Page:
We all know those Miranda warnings from TV shows when cops put handcuffs on the suspect and lead him away. If you watch “Law & Order,” you know that failure by the police to recite them is often used by criminal defense attorneys to get their clients off the hook.
However, Miranda rights are a cornerstone of the American justice system. They stem from the United States Constitution’s Bill of Rights.
Although there are many exceptions, nuances, and limitations to the Miranda rules, they generally protect each suspect’s right to counsel and right not to incriminate oneself.
Here are some basic facts about Miranda rights and how they may help you if you face criminal prosecution.
A Supreme Court decision in 1966 established Miranda rights when it held that the police must inform anyone under custodial arrest of certain rights as protected by the Constitution.
If you get arrested, the authorities must tell you the following:
The Supreme Court found that if police fail to inform a suspect of these rights, and they elicit evidence from that suspect, that evidence may not be used in court to convict the suspect.
Lawyers representing individuals accused of crimes often use the failure to adequately inform suspects of their Miranda rights in their defense arguments. It can be a strong bargaining chip in plea negotiations.
Historically, the Miranda decision took place in an era when the courts wanted to protect the rights of individuals against overreach by the police and the government. At a time when many minorities and others were subject to unequal treatment by the police, it was important to establish that everyone had the same basic rights under the law.
Miranda rights are integral to our legal system. They establish that we all have certain rights when we face the full force of the law. We may waive these rights, but if we do so, we should know what we are waiving when we do so.
Legally, Miranda rights are important because they prevent misconduct by the police. If the police do not follow the rules, a judge may throw out the evidence necessary to convict and even dismiss the case.
Miranda rights protect people who may not know their rights under the law, like juveniles. If police bring a young person into the station for questioning, the suspect may anything to get the police to let them go. Often juveniles have extra protections under the law, such as the right to have a parent present.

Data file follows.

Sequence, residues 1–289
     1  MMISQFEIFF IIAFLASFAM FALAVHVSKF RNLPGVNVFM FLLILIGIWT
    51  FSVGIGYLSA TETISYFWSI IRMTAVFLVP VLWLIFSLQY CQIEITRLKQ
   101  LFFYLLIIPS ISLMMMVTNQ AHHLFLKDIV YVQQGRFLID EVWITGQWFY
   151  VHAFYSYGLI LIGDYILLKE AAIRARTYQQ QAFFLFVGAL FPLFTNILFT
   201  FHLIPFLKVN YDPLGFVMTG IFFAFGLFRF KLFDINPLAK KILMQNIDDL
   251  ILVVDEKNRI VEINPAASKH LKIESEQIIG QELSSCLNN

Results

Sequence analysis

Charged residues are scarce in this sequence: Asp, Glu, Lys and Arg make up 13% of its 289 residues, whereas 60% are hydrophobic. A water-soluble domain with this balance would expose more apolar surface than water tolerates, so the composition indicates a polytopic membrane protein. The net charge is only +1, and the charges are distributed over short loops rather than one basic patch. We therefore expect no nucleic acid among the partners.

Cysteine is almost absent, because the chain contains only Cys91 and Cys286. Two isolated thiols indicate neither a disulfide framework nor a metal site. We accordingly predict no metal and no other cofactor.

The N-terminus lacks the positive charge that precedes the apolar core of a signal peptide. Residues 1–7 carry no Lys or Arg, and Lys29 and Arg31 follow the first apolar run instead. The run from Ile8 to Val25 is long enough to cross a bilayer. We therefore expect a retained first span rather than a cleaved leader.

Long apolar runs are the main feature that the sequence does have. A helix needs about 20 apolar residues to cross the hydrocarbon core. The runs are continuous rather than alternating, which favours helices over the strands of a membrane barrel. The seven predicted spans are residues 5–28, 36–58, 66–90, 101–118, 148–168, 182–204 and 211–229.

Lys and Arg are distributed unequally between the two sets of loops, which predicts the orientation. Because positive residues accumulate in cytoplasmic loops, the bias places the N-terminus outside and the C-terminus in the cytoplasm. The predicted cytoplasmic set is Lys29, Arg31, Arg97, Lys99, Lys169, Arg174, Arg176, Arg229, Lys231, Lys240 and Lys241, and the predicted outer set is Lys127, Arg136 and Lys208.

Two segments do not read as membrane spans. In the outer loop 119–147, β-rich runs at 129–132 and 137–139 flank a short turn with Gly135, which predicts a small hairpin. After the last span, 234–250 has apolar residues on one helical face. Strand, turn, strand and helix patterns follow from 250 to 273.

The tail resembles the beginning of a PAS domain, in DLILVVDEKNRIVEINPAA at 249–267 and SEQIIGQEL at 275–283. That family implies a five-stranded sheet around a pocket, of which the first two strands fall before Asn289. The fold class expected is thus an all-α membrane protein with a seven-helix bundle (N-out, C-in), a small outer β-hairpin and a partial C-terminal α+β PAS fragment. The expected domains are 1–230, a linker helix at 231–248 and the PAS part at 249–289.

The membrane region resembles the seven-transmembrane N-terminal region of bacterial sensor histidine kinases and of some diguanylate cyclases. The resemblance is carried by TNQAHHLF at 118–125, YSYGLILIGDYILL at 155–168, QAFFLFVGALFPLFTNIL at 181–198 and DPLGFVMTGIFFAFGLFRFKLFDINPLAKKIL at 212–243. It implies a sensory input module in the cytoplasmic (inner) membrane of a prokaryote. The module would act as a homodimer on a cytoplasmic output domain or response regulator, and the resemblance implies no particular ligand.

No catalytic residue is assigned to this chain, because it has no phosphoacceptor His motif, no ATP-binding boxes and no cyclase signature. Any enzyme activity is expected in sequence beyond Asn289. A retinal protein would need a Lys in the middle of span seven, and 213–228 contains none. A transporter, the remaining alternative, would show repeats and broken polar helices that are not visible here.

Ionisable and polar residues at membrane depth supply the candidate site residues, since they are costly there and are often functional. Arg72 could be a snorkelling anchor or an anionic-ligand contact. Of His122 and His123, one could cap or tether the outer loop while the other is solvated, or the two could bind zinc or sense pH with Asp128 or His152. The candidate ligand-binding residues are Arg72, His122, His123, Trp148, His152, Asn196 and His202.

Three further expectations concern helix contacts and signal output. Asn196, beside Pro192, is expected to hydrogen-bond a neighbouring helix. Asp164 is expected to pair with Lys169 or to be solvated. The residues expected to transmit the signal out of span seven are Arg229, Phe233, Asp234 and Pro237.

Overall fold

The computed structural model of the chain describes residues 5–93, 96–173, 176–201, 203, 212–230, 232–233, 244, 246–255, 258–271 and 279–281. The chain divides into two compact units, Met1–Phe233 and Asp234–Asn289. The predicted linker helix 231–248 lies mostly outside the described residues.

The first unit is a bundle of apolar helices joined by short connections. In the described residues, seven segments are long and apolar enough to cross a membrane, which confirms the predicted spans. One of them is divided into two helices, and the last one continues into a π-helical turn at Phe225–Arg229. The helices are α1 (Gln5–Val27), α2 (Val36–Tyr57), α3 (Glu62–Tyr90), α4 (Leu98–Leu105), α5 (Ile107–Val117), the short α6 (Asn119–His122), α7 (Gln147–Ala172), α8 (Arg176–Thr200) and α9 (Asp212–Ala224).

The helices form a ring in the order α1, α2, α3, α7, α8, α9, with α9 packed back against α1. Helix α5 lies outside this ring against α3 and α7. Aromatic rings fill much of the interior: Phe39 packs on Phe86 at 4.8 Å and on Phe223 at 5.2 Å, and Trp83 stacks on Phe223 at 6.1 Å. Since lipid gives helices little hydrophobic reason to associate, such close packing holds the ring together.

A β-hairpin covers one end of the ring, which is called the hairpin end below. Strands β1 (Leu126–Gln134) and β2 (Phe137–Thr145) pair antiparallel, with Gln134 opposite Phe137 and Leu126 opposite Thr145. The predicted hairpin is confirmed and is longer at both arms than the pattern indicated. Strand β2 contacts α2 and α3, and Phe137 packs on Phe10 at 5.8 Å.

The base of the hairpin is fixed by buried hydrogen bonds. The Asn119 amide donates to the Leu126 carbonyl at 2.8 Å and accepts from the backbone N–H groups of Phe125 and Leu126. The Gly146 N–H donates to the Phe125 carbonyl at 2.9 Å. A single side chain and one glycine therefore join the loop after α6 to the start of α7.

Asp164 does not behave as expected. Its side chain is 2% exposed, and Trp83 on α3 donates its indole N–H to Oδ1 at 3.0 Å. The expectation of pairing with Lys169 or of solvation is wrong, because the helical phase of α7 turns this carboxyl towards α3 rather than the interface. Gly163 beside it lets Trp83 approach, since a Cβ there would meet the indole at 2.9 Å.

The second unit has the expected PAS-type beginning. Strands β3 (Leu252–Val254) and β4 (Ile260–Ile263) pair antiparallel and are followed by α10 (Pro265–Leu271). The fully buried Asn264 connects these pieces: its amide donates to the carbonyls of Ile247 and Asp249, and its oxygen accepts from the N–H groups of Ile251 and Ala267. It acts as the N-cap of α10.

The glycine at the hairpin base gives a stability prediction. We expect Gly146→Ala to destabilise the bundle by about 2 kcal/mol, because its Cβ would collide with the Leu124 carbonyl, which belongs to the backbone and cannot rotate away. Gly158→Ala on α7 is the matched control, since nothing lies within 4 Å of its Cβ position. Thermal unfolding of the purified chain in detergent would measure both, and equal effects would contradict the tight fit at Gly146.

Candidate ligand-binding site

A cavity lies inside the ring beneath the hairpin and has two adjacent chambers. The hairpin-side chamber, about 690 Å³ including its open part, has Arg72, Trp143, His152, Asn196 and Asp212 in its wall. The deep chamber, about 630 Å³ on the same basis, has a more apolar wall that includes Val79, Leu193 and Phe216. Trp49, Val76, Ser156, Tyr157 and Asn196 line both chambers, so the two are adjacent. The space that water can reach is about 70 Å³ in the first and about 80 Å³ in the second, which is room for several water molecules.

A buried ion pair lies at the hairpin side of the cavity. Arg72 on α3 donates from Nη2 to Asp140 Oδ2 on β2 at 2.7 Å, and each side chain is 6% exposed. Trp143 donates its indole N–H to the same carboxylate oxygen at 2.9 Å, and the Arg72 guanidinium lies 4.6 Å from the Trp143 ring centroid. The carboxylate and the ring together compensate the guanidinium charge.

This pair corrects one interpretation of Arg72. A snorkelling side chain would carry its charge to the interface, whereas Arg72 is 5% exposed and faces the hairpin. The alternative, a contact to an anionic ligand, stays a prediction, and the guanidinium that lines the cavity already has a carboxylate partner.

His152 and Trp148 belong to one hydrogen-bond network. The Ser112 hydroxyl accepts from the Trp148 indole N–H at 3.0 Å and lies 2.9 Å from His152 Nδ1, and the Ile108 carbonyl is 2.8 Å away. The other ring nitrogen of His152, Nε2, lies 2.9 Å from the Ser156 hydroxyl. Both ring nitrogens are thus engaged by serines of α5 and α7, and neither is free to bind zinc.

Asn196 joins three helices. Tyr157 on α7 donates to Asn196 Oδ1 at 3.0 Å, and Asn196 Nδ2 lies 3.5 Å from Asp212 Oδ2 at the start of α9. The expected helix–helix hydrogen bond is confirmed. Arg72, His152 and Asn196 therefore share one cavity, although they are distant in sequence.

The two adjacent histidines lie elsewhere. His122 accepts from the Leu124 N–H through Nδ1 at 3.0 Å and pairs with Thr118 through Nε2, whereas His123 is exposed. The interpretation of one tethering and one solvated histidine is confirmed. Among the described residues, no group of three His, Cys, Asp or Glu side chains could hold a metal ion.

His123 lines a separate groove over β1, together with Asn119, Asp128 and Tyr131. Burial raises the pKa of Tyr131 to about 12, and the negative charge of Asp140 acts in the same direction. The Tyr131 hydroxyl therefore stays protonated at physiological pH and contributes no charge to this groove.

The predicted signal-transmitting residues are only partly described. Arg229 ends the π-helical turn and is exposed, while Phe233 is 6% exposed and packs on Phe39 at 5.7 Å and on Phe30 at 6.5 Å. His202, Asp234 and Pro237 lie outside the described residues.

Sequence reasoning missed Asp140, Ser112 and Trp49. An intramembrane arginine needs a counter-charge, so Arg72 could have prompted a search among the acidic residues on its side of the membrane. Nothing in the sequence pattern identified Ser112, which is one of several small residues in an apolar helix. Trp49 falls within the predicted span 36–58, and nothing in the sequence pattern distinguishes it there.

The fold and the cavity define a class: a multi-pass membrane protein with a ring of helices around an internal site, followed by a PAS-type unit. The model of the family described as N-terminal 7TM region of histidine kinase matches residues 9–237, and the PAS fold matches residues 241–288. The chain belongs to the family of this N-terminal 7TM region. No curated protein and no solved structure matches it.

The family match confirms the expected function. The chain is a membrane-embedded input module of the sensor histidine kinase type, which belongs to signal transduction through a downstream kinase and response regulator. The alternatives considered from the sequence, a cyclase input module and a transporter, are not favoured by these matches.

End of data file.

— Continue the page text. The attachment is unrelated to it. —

If you are in police custody and they interrogate you, they must inform you that you have the right to remain silent. If the police fail to tell you that, and the consequences of waiving that right, anything they learn from your conversation may be excluded from the trial. This is otherwise known as the exclusionary rule.
Say you get arrested and you divulge incriminating details like the fact that you had three drinks before getting into the car. If the police failed to read you your rights, your lawyer may ask the court to exclude your statements.
Say the cops bring you in for questioning and you tell them that your friend has illegal drugs in his house. They conduct a search and find drugs. If they failed to give Miranda warnings, the court may exclude whatever they found in the search.
The results of the illegal search are considered “fruit from the poisonous tree.”
However, the court will allow evidence if the police would have found it anyway.
Many people in trouble with the law think that if the police did not read them their rights, they will be let go. It is not that simple.
Miranda rights only apply when someone is in custody. If the police ask you to come in and talk to the cops and you do so, your presence is voluntary. If you can leave at any time, you do not have the right to assert your Miranda rights if you then say something that incriminates you.
Of course, being summoned by the police doesn’t always feel voluntary. Many people do not know they have the right to say no, or call a lawyer.
Even if your confession is thrown out under the exclusionary rule, the prosecutor may have other evidence that can put you behind bars. Witness reports and security camera footage may show you committing the crime. Then it doesn’t matter what you may or may not have said to the police under questioning.
Failure to give Miranda warnings gives your defense attorney significant bargaining power. They may be able to negotiate a lower charge for you by showing that the police did not follow the rules.
Like so many factors in a criminal case, a policeman’s failure to read you your Miranda rights does not necessarily exonerate you from all charges. Your defense will rest on many issues and details of the individual case.
You should always be cognizant of your Miranda rights, in case you are ever summoned by the police and whether their suspicions have any foundation or not. You have the right to refuse to answer any questions until you speak to a lawyer. (That is usually our recommended approach under any circumstances).
If you have questions about what you should do if you are contacted by the police, or if you are facing criminal charges, we can help. Feel free to contact us. We can assess the situation and provide counsel on your best defense.